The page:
While avoiding jumping into anything new might make sense, it's important to analyze the reasons for your decision, no matter the outcome. "[Take note if] you refuse to consider dating — not because you are making a healthy decision to enjoy your single life, but because you are afraid," Solomita says. Bringing your past issues along for the ride isn't going to help you heal; working through them will.


You're Having New Difficulty With Substances

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Mental health professionals note that self-medicating with substances is particularly dangerous because it prevents you from getting to the root of your problem. "Heartbreak and the associated distress can bring us emotionally down to our core," Dr. Klapow says. "Often normal defense mechanisms go up to help protect us against the distress. We don’t allow ourselves to feel the full intensity of the heartbreak immediately by using things like denial, distraction, rationalization."

So know the signs of alcoholism and other addictions, and keep an eye on your substance use. Post-breakup might be a good time for a sober month, or a new set of guidelines. One cocktail when you get out of the house and meet up with your friends, perhaps?


You Still Can't Sleep

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Not being able to sleep the first couple nights after a breakup is completely legitimate. If your former partner shared your bed, even more so. But not being able to fall asleep after an extended period of time can be a sign of something more serious.

"[Another red flag is if] you are in the throes of insomnia — bedtime becomes something you fear because you know you will not sleep well," Solomita says. Practicing good sleep hygiene, rearranging your room, and seeing a mental health professional can all help with insomnia. Getting better sleep may help you start to feel better on all front.


It Won't Go Away

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Again, the length of time of all of these symptoms are part of the essence of understanding whether you're experiencing typical heartbreak, or falling into something more serious. "Sure, you feel all the feels, but are you still able to keep up with your life? If the answer is 'no' for any length of time, that would be a reason to seek help," Parisi says.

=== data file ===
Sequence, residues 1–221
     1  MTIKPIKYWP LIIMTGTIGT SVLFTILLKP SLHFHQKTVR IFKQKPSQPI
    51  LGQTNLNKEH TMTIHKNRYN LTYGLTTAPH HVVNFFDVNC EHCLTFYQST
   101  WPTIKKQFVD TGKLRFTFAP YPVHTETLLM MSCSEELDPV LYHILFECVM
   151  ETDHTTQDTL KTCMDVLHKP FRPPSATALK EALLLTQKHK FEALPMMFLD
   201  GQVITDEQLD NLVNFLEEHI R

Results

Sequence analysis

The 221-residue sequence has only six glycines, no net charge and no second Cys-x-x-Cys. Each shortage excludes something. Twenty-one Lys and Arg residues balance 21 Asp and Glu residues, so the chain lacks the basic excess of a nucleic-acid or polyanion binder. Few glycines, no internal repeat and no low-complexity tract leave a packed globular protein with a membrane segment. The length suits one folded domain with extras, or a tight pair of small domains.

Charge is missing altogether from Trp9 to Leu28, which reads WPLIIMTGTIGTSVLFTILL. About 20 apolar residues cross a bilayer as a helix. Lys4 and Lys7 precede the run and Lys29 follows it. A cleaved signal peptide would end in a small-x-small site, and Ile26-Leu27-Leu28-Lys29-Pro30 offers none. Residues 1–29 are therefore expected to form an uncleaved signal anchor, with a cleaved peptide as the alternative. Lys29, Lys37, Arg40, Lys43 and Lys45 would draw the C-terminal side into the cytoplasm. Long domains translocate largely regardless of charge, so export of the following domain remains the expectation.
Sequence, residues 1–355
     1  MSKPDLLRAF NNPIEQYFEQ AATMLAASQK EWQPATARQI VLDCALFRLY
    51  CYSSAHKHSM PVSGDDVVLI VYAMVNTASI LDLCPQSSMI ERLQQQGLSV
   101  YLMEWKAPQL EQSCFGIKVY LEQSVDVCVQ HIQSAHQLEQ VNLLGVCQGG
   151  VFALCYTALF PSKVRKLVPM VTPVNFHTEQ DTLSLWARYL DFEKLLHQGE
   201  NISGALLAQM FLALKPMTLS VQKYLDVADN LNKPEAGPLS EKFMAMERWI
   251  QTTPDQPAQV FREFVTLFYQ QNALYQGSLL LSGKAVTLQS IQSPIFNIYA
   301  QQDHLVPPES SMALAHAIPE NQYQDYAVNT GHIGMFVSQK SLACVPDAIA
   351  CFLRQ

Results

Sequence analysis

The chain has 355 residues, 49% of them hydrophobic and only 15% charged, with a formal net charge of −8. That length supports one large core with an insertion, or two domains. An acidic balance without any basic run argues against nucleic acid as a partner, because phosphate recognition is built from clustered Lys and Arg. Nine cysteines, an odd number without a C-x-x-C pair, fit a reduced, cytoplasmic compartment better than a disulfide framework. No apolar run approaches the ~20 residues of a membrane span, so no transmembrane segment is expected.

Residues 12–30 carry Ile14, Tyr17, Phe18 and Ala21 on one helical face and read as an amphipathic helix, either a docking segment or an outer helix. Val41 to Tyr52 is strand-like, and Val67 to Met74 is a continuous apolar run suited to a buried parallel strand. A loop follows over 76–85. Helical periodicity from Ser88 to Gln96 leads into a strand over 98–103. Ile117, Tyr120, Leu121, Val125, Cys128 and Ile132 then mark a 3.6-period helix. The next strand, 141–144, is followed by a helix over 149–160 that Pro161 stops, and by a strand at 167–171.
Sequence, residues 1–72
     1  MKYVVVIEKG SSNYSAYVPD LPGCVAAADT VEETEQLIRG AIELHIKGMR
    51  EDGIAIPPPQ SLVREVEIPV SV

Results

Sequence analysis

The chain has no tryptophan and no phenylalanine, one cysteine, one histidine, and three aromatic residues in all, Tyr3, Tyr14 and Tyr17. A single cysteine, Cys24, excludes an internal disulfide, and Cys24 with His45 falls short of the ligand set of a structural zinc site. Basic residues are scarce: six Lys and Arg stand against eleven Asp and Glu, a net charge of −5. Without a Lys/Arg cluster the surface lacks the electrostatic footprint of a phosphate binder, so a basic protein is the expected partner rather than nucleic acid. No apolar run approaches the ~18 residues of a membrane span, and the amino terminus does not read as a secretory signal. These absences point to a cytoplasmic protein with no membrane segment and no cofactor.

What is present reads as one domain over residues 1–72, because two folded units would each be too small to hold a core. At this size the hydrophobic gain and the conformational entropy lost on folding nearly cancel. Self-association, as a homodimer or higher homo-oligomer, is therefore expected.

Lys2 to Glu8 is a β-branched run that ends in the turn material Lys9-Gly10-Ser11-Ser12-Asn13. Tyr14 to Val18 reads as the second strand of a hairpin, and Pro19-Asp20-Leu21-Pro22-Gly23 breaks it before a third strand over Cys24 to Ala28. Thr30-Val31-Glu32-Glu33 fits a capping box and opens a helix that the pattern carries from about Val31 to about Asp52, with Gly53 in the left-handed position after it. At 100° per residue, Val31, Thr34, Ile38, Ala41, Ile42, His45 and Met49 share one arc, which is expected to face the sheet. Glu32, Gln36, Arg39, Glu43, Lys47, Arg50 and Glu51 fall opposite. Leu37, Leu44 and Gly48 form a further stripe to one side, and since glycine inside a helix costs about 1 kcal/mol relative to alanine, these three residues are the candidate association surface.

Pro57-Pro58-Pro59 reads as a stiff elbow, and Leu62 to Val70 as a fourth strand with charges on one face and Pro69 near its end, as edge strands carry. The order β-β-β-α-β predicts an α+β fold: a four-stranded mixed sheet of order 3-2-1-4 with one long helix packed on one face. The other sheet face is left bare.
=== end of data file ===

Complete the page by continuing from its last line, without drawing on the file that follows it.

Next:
If you're the type of person who's looking to do the math on an exact time frame, there is no exact formula, but Dr. Klapow has a suggestion for the typical arc of grief.

"Intense distress that kicks in one-two weeks after the heartbreaking event is normal," Dr. Klapow says. "It typically lasts two to four weeks at an intense level and then at one month begins to slowly subside. If you can work, go to school, find the ability to laugh, smile and experience some level of joy even for a short while within a month of the [breakup] it is is running its natural course. Anything from three-four weeks that hasn’t moved forward deserves extra attention from a professional." So if time doesn't seem to be healing your heart on it's own, it's likely time to seek other ways to work through the pain.

In the end, heartbreak can feel terrible no matter what. Whatever you're already going through gets compounded by the real, physical pain of losing someone you love. "Romantic rejection tends to hurt in a way that no other kinds of rejection do, it's so deep, intimate, personal, so of course it would worsen any distress a person may already be in," Parisi says.

Of course, any reason is a good enough reason to see a therapist, so this is just another part of life where it pays to be open and exploratory with your mental health. "Of course, talking to someone for 'normal' heartbreak is perfectly acceptable too," Parisi says. "A pro can help explore what went wrong, support you in setting protective boundaries to allow for healing, and help you brainstorm what kind of changes you'd like to come out of it."

In the meantime: talk to someone, take care of yourself, get some sleep, and pet a dog. You should start to feel at least a little better soon.